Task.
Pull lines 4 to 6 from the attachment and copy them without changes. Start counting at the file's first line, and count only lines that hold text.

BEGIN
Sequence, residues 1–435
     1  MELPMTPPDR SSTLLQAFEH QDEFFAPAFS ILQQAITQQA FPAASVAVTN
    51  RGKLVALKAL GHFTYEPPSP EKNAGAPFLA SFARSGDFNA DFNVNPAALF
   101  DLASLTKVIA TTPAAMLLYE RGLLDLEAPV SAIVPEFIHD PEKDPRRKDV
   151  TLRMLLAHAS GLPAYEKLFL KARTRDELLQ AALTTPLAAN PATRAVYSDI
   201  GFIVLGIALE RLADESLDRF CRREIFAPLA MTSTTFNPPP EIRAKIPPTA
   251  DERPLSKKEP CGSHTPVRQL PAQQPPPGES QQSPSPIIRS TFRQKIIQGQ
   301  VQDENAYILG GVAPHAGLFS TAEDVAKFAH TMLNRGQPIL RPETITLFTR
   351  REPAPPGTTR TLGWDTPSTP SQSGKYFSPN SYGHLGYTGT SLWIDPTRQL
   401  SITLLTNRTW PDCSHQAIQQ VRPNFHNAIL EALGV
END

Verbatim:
   101  DLASLTKVIA TTPAAMLLYE RGLLDLEAPV SAIVPEFIHD PEKDPRRKDV
   151  TLRMLLAHAS GLPAYEKLFL KARTRDELLQ AALTTPLAAN PATRAVYSDI
   201  GFIVLGIALE RLADESLDRF CRREIFAPLA MTSTTFNPPP EIRAKIPPTA